I Inauguration.  I witnessed President Obama’s inauguration with my fourth grade class.  We said the pledge of allegiance, we watched, and we clapped.  The whole time I had to be teacher, maintaining some order and control.  On the floor with my students, I sat behind one particular student, kept him in a hug to keep him calm, and all the while wishing I could be holding my son.  (My husband was home watching with our son who was ten months old at the time.)

J Jury duty.  I dread receiving that summons in the mail.  Summer 2007, I get the summons, I call in, and I’m required to appear.  Then, I’m placed on a jury.  Newly pregnant, with plans to travel up the coast in five days, and placed on a jury.  My first day there, I ate lunch in the cafeteria downstairs.  Not a good choice.  My upset stomach threatened to explode within the courtroom.  While other jurors were still being selected, I had to ask special permission to use the restroom, citing my early pregnancy.  I don’t think it was “morning sickness” in the afternoon, but either way, both attorneys and judge had to confer to grant me a “potty break.”  

K Kindergarten.  It was my first teaching position.  I taught afternoon kindergarten to a class of 20, 14 boys and 6 girls.  Before the new school year started, I observed my two kindergarten colleagues, taking notes about their routines and their classrooms.  My students began to sound-out and read, we counted and cut, we painted our hands and feet, we traced our shadows, we sang about the months of the year, and learned the national anthem.

L Leaving the flower shop.  It was my first paycheck-paying job.  I worked and did my best to make my boss happy.  I was unprepared for the verbal abuse - being told that I wasn’t pretty enough to have a boyfriend.  One day, enough was enough.  I went home in tears and my parents reminded me I didn’t have to take that, didn’t have to work there.  I was too cowardly to handle it myself.  My dad called, spoke to my boss, and quit on my behalf.

M Moving.   As an adult, I’ve only lived in two homes.  Our current home is the home I’ve always wanted.  Multiple bathrooms, multiple bedrooms, a garden.  Our previous bathroom had a sliding shower door.  I detested that door.  I wanted a bathroom with a shower curtain.  And while still moving our belongings from our apartment to our new home, I immediately hung one of our shower curtains.  The house was a mess, our possessions were scattered, but, by golly, I now had a bathroom with a shower curtain.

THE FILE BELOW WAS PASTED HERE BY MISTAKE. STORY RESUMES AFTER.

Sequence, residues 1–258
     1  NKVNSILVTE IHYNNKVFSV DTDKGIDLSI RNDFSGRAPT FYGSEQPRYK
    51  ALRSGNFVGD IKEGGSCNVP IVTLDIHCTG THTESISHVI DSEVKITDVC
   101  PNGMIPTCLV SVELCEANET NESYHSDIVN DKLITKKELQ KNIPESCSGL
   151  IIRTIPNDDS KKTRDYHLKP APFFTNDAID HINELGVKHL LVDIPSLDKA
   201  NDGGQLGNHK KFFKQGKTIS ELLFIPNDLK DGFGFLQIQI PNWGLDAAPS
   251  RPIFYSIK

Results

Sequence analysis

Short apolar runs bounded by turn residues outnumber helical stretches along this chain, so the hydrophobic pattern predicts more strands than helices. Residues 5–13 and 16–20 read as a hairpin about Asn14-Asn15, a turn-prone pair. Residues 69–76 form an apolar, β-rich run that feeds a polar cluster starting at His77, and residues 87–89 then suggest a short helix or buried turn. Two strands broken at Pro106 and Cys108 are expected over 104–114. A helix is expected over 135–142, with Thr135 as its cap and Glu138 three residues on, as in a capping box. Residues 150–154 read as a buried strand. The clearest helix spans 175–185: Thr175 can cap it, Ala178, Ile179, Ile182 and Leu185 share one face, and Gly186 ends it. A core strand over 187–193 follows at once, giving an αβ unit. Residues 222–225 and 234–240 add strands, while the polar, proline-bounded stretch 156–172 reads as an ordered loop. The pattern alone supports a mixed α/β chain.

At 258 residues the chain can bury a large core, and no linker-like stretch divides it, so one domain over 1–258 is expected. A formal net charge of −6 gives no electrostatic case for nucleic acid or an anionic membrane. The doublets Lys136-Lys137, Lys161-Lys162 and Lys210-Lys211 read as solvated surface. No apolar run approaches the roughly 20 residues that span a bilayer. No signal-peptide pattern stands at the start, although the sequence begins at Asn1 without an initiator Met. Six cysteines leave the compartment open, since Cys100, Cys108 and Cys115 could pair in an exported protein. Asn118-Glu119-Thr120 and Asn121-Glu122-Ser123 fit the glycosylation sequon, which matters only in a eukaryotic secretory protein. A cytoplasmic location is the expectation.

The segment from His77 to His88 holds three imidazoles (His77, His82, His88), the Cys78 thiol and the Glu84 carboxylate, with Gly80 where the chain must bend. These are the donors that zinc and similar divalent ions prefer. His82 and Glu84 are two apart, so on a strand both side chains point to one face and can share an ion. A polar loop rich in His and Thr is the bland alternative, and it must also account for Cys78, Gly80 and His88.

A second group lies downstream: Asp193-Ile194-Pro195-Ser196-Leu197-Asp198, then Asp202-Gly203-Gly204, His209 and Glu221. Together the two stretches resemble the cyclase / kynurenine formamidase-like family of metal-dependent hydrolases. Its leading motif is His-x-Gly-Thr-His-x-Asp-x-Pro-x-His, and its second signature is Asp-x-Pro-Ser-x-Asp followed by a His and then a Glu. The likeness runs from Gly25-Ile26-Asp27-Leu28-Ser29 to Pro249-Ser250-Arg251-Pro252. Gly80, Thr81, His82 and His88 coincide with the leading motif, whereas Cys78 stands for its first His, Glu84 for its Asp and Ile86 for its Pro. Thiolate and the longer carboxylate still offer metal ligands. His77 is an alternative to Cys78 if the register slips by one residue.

N NPR.  NPR discovered one of my essays published in the Christian Science Monitor.  They liked it.  They wanted me to record it so it could be a part of their “All Things Considered” segment.  I drove down to the studio in Culver City, California, and read my essay into an “old-fashioned” silver microphone - the kind I envision Elvis Presley singing into.  My piece made its way to certain NPR stations, and the kind people there, sent me a CD of it.

O Oregon.  We traveled to Gold Beach, Oregon from Los Angeles on a Greyhound.  Approximately twenty-one hours spent on a bus to meet my future mother-in-law and her husband.  I left a major urban area to spend a few days in a town with a market that also had a video store in it, a restaurant that closed by 8 p.m., and a gas station.  Our big excursion was a trip to a Costco in another city.  I remember beautiful coastline, and I remember wheezing, sneezing, and coughing because of the dogs in the house.  

P Paris.  It was my dream vacation.  I remember standing on the second-level of the Eiffel Tower with tears in my eyes.  I remember having to scoot over and let others pass as we climbed the stairs within the Arc de Triomphe (I was certain there was an elevator.)  I remember not being able to purchase chocolates because the merchant didn’t accept our credit card, and we were out of Euros.  I remember walking into a McDonald’s just to see what it looked like in Paris.  I remember green billboards advertising the iPod Shuffle.  I remember eating dinner in an Italian restaurant on our first night in the City of Light.

Q Northridge Earthquake 1994.  For my generation, that was the “big one.”  I was a   senior in high school.  My sister and I were in our doorway, looking for reassurance from our parents who were in their doorway.  I remember thinking, “This is it.  This is the big one they talk about.  I can’t handle this.”  So I didn’t.  I fainted.  I’m terrified of earthquakes.  I don’t like feeling hopeless or powerless.  Tornados and hurricanes have warnings, fires we can try to put out, but with earthquakes all I can do is wait it out and hope.